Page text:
Cynthia Gooch Copley: I Thought it was a Spider Bite; It was Breast Cancer

October is Breast Cancer Awareness Month
Cynthia Gooch Copley on a conference call with her team.

Cynthia Gooch Copley grew up in downtown Lewes. Her grandfather, Ernest Gooch, was the first ambulance driver at Beebe.

When Cynthia was growing up, Lewes was much different than it is today. “Things were quieter. Everyone knew everyone else. Kids played in the street and hung out with friends outside,” Cynthia recalls. “It was a great place to grow up, but as soon as I was a teenager I was looking for any way to get out of here.”

Cynthia got her wish when she married a Marine and moved to California. She later divorced and decided to start fresh in Key West, Florida.

“Key West was perfect for me. There was lots to do … it was a lot of fun,” Cynthia recalls.

She spent several decades in Key West where she also married William Copley, the noted Surrealist artist who went by CPLY. Cynthia and Mr. Copley shared several years together enjoying art, social events, and travel. When he passed away following a stroke, Cynthia decided it was time for another fresh start and she moved to the Fort Myers area and became a successful business broker.

In 2013, Cynthia’s sister was going through a cancer diagnosis, so Cynthia decided it was time to return to Delaware.

When she returned, she decided to get into politics since she had worked on some previous campaigns in Florida.

“There is an energy in politics that other jobs don’t have. It fuels me,” Cynthia said. “Plus, I love meeting new people!”

 

Just a Spider Bite

It was 2017, when Cynthia noticed a red spot on her breast. “I thought I had been bitten by a spider, so I put some cortisone cream on it and figured it would go away,” she recalls.

The spot did not go away and it worsened, so Cynthia decided to show it to her doctor. She was then referred to Beebe general surgeon Dr. Erik Stancofski.

“I thought it was just this bite, but the next thing I knew I was having a biopsy,” Cynthia recalls.

She was told it was cancer.

“I told myself that it was no big deal … that I could handle this,” she said. “But, then, I was handed a paper to take with me to my first appointment at Tunnell Cancer Center. Seeing the word cancer written, it just broke me. I arrived to the cancer center and I could not get out of the car. I was frozen in shock.”

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Cynthia with partner, Eric, and their dog.

Another person arriving for an appointment told the front desk staff at Tunnell that there was a woman half out of her car in the parking lot who seemed to need help. A group of Tunnell volunteers went out to help.

“When those volunteers came over, I just looked at them,” she recalls. “I broke down in tears and they helped get me out of the car and get me into the cancer center.”

When she met with her medical oncologist she recalls sitting there and crying for about 40 minutes.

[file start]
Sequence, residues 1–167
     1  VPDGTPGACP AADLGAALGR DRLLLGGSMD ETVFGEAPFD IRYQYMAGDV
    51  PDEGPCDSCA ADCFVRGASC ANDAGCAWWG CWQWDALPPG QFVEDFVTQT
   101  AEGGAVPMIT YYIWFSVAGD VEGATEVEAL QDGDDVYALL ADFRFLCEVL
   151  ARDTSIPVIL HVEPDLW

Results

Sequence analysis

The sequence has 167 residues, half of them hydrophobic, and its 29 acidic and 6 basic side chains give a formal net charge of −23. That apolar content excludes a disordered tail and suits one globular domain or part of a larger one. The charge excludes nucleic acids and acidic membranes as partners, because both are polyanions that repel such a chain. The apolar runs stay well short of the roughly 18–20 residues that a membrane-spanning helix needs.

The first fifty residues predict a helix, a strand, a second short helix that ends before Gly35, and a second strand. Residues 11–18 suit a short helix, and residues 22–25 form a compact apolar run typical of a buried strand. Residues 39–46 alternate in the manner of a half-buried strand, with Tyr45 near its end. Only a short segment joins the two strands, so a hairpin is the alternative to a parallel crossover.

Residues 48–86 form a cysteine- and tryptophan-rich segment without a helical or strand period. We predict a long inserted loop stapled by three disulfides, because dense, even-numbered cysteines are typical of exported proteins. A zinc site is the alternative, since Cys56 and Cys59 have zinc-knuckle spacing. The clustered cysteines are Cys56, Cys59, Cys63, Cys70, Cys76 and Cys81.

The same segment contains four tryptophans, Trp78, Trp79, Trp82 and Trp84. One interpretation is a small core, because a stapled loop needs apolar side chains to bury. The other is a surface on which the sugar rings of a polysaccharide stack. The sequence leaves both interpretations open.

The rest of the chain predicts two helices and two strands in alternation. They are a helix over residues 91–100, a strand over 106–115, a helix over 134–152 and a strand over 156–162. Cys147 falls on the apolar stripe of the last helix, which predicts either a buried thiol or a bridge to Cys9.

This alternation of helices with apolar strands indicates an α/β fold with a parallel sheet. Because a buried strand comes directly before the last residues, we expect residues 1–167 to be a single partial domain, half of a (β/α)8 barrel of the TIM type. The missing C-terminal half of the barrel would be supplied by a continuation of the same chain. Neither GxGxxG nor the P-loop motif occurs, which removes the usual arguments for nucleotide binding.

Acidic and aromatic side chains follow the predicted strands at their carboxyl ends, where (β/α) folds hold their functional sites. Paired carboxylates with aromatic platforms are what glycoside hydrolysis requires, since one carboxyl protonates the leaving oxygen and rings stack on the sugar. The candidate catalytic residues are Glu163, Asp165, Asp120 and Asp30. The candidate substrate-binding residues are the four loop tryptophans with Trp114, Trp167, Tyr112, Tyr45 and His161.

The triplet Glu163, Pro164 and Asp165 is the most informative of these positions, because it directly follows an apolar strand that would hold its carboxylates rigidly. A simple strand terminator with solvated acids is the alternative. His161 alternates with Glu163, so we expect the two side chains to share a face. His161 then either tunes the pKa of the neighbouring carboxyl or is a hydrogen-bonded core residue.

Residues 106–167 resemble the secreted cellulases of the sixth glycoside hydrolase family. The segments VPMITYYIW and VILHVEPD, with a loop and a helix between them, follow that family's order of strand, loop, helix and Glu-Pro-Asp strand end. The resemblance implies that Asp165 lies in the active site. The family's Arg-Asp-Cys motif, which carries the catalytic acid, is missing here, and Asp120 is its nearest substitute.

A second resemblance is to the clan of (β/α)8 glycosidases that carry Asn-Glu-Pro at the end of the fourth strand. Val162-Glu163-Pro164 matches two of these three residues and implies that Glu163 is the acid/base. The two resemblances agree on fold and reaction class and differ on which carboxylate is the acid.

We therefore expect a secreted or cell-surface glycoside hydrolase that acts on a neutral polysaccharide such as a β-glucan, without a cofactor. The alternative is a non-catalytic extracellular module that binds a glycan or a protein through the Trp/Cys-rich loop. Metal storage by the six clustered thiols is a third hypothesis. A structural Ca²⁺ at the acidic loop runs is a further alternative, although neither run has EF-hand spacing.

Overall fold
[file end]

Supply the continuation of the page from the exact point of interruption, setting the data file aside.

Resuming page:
“They just let me cry,” she said. “They held me and reassured me. They let me be me … even though it wasn’t who I was before I was diagnosed.”

 

A Path Forward

Cynthia did six months of intensive chemotherapy. She lost her hair, her skin and fingernails changed, yet she kept her positive spirit.

“You don’t want it to be happening to you. You don’t want to go to treatment. But, then you get to Tunnell Cancer Center and they are there waiting with open arms,” Cynthia said. “I don’t know how I would have gotten through all of this without them. Even on your worst day, they warm you up.”

Cynthia continues to work – most recently on Sen. Thomas Carper’s re-election campaign. “I have to keep working because it is my calling and it keeps me real,” she says. “I wake up ready to go meet new people. I need that because that’s who I am.”

These days Cynthia is receiving less intensive chemo treatments and she is utilizing Delaware’s legal medical marijuana dispensary. “When I started medical marijuana, it made all the difference. We are so lucky to have this here for the state because it allows cancer patients to have relief from pain,” she said.

Cynthia and her significant other, Eric West who met Cynthia when he was chairman of the 38th Democratic District, enjoy time at home where Cynthia dances with their dog, Theodore Roosevelt.

“Throughout it all, Cynthia has remained a vibrant, dynamic woman and it is truly a testament to the great team at Beebe and Tunnell Cancer Center,” Eric said.

Beebe Healthcare is thoughtfully investing in expanding our presence in Sussex County—making excellent, innovative, and accessible care a reality for our friends, families, and neighbors for future generations.

Beebe’s South Coastal Health Campus on Route 17 south of Millville will feature a year-round freestanding emergency department and a second location for the award-winning cancer center. Learn more about these exciting plans: www.nextgenerationofcare.org.